BRUSSELS – New rules governing the rescue of imperiled banks in the 19-country eurozone that seek to protect taxpayers won’t be fudged, officials from the single currency bloc insisted Monday amid growing concern about some of Italy’s lenders.
Worries over the financial health of Italy’s banks have grown more acute since the June 23 referendum result in Britain and the country’s premier, Matteo Renzi, is looking for a way to rescue them from a pile of bad loans that aren’t being repaid.
Jeroen Dijsselbloem, the eurozone’s top official, conceded that Italy’s banks have problems with so-called non-performing loans, but that dealing with them through a fudge of newly created rules was not on the cards.
“It needs to be dealt with. It will have to be dealt with gradually,” he said at a meeting of the eurozone’s 19 finance ministers. “There will be no big solutions … It’s not an acute crisis so that also gives us some time to sort things out.”
Dijsselbloem said it’s important that the eurozone respects what it’s agreed “otherwise everything will be questioned in Europe, and there are a lot of questions in Europe already so we don’t need any more questions.”
Italian banks have been worn down by some 360 billion euros ($400 billion) in loans that won’t be paid back in full. Italy is the eurozone’s third-largest economy so any big crisis there would likely have negative effects far outweighing the impact from the repeated problems over the past few years, notably in Greece.
Many Italian banks have seen their share prices come under intense pressure. Italy’s third-largest lender, Monte dei Paschi di Siena, has been ordered to sharply reduce its load of bad loans and has seen its share price slump by around a third since the British vote. And on Monday, Italy’s largest bank UniCredit also said it is launching an “in-depth strategic review” under its new CEO Jean Pierre Mustier “to reinforce and optimize the group’s capital position, (and) improve profitability.”
Should measures such as those announced by UniCredit not prove to be enough to assuage investors, then the Italian government may have to intervene in some form to help the banks out.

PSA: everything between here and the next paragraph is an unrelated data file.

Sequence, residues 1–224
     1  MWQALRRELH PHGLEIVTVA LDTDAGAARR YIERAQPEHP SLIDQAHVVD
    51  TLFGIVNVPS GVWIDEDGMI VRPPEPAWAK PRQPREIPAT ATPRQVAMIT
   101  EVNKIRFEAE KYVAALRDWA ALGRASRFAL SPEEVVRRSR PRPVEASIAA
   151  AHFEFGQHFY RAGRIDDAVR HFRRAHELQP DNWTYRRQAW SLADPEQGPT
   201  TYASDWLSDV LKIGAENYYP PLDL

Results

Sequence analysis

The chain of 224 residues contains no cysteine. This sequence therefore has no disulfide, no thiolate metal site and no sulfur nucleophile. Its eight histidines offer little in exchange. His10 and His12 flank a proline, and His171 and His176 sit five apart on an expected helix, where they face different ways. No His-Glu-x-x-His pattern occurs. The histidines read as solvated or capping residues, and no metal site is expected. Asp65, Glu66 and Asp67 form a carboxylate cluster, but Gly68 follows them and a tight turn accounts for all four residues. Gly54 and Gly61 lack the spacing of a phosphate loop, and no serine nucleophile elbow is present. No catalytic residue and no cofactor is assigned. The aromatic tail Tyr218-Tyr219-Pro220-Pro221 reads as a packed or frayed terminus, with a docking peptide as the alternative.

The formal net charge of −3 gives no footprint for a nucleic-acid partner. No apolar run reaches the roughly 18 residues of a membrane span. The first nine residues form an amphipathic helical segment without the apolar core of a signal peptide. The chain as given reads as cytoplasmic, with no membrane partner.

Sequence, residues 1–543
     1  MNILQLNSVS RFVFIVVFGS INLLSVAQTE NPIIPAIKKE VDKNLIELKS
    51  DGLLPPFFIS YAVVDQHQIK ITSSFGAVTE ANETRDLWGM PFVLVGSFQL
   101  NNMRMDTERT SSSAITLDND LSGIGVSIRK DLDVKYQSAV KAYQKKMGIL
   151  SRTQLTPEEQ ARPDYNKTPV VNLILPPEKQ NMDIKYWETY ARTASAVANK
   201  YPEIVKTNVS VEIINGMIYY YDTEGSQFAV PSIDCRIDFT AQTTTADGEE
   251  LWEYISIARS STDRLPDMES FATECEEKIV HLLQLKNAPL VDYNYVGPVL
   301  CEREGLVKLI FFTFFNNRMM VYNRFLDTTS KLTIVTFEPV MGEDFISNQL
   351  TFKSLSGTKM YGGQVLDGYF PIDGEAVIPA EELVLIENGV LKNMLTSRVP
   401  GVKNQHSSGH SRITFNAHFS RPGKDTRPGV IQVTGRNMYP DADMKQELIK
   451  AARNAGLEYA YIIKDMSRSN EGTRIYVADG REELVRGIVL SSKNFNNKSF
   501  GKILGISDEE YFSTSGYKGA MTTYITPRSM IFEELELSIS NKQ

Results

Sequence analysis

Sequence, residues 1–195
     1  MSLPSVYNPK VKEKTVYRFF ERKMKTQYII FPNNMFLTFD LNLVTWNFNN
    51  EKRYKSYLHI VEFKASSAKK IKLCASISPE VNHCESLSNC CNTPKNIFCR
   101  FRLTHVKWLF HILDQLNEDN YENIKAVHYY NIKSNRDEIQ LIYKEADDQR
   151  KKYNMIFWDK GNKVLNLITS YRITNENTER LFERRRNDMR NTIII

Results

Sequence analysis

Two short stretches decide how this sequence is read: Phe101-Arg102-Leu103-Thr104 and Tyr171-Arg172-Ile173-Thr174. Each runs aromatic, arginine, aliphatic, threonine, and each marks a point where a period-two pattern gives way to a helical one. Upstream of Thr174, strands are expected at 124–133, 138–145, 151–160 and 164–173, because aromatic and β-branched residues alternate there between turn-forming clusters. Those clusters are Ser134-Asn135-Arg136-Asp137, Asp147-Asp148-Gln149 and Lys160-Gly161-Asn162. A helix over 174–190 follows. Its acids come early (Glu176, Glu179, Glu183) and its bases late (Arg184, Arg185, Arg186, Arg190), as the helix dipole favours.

However, any rescue attempt that involves the use of public money could run into resistance from the EU, which recently introduced the new rules to avoid a repeat of some of the recent bailouts that afflicted the eurozone. During the region’s debt crisis over the past few years, the parlous situation of some banks was at the root of some of the bailouts, notably Ireland in 2010.
Taxpayer money can now only be used after bank creditors such as bondholders have been “bailed in,” meaning they lose some of their money before taxpayers chip in. That provision was aimed at keeping the costs of rescuing banks from overwhelming government finances.
“We established these rules coming out of a major banking crisis in Europe,” Dijsselbloem said. “I think bail-ins is a very sound economic principle which basically says that those investors that put in their money and take out some profit in the good years carry the losses in the bad years.”
Dijsselbloem also took a swipe at those bankers that call for public money to be put in when their firms face difficulties.
“There have always been, and will always be, bankers who say we need more public money to recapitalize our banks, and I will resist that very strongly, because again and again it’s hitting on the taxpayer, again and again increasing sovereign debt in countries that are heavily indebted,” he added.
Germany’s influential finance minister, Wolfgang Schaeuble, echoed Dijsselbloem’s view about the importance of respecting rules.
“We all know that the European rules that we created as a lesson from the financial and banking crisis are made to prevent repeats,” Schaeuble said. “It offers sufficient possibilities to respond appropriately to every situation.”
A particular problem for Italy is that about a third of bank bonds are held by small retail investors. Inflicting losses on them, as well as depositors, could be highly unpopular as Renzi faces a key referendum on constitutional reform in October. Using public funds to help the banks would diffuse the costs.
But that would also mean that the EU’s hard-won banking union and bailout rules fail their first road test.
Italy’s Finance Minister Pier Carlo Padoan sought to downplay concerns that have gripped investors recently arguing that they have been overplayed partly because of concerns over the impact of Britain’s exit from the EU, or so-called Brexit.
“We live in times of volatility,” he said. “We have been living in times of volatility for months now, including after Brexit.”
Colleen Barry in Milan and Geir Moulson in Berlin contributed to this report.